Translation:Is your father tired?
I seem to have forgotten how the て works here! Could someone kindly explain?
Its an action that is in progress. Similiar to "-ing" in english. It means other things aswell
I am wondering whether Is your father tired? would also match a past-tense construction: お父さんはつかれたですか？.
I have indeed learnt that つかれた could mean tired, as an accomplished action (“you are tired because you did become so”), but I would like a confirmation of this.
"...te iru" is stative, that is, the action is the current state of affairs. That can mean either that the action is on-going or that no further developments have happened since the action was completed. The usphot of that is that depending on context and semantics, it can be translated by the English present progressive or past perfect tense. (Tegami ga kite iru = "A letter is coming" or "A letter has arrived."
The "...te iru/imasu" form, even when translated by the present progressive tense in English, indicates a state of being something rather than a state of becoming something.
Gajiin, 1. You may use "chichi" ONLY when talking about your own father to someone outside your family or social unit.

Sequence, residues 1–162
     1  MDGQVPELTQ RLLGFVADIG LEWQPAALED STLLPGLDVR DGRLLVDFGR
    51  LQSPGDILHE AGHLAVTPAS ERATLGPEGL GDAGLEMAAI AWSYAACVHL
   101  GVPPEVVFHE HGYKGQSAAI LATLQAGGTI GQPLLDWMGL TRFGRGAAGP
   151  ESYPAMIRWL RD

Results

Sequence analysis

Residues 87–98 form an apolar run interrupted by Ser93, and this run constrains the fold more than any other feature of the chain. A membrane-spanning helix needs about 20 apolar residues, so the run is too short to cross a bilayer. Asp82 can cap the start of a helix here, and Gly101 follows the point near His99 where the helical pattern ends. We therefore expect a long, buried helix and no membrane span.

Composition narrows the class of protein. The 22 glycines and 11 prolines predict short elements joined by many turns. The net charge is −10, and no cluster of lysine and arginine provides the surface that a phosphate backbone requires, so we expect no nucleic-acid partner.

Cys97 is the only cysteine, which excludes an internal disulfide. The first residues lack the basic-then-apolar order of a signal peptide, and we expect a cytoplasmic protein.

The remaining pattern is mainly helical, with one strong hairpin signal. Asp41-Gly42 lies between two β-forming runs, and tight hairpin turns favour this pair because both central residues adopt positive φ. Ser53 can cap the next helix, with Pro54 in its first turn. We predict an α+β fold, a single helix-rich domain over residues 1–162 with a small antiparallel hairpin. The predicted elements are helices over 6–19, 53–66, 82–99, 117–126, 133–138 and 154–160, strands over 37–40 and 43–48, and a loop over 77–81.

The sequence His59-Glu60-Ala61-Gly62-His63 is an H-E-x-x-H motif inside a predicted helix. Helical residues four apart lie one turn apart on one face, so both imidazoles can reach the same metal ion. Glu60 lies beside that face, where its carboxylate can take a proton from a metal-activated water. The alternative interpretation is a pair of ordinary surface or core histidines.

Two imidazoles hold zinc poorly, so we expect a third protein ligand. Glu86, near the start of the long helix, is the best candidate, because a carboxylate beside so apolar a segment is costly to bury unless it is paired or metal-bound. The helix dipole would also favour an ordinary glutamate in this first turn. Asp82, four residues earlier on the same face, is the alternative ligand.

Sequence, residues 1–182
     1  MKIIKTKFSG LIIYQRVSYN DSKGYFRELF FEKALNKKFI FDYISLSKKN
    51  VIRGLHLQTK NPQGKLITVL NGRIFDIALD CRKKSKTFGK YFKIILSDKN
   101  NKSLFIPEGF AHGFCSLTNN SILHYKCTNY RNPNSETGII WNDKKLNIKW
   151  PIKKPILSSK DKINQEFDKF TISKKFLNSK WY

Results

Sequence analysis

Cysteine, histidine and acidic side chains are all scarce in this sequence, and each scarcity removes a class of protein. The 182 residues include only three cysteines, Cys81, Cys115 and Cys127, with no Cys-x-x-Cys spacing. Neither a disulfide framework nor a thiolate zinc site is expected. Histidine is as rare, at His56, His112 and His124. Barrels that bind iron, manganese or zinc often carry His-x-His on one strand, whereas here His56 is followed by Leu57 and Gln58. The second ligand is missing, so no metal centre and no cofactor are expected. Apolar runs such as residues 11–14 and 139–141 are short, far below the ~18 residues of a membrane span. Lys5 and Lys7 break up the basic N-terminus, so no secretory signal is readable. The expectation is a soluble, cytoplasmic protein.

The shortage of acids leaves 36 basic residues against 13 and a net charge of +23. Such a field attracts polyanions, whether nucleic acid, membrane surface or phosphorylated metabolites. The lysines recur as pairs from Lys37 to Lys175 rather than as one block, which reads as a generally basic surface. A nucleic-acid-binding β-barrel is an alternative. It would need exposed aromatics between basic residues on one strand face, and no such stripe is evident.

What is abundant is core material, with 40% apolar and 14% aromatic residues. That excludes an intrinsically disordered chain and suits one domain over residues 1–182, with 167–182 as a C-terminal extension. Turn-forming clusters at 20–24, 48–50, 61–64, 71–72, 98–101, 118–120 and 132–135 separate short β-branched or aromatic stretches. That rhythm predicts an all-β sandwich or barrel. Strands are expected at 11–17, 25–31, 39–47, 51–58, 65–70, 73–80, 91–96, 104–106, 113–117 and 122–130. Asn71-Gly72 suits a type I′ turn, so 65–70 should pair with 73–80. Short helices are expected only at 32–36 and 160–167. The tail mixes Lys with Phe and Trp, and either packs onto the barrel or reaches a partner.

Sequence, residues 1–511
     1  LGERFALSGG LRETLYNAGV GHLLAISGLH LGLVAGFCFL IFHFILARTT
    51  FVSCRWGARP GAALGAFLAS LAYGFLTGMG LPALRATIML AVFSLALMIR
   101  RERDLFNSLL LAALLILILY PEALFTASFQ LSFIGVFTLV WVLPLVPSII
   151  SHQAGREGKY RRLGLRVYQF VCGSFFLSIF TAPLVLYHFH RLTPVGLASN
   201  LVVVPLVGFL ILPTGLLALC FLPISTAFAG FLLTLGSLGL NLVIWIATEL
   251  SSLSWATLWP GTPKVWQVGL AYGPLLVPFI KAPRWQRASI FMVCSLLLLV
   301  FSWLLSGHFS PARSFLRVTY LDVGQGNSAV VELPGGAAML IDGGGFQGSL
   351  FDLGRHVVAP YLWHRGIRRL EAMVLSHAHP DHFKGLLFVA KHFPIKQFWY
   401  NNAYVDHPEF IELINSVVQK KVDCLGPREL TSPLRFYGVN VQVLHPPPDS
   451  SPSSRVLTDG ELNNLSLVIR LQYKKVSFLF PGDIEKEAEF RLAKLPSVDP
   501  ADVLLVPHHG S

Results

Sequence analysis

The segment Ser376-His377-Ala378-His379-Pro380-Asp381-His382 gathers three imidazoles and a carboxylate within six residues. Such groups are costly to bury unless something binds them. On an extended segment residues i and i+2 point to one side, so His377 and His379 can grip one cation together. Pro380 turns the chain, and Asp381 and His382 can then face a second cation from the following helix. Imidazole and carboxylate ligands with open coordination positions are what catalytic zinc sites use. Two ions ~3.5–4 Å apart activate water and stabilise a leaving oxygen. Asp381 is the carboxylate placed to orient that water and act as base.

- In virtually all other situations, including conversations within your group, use "otoosan" and you will not offend anyone.
How do you identify whose father it's talking about? Your father, or mine?
It depends on who is talking and to whom he is talking.
He could be talking to a member of his own family circle, all of whom would call the father "otoosan," and, in that case, be talking about the father of his own family.
He could also be talking to someone outside of his own family and, in that case, be talking about his listener's father.
Presumably, he is not talking about his own father to anyone outside of his own family. (But I'm not sure how well the old conventions are holding up these days.)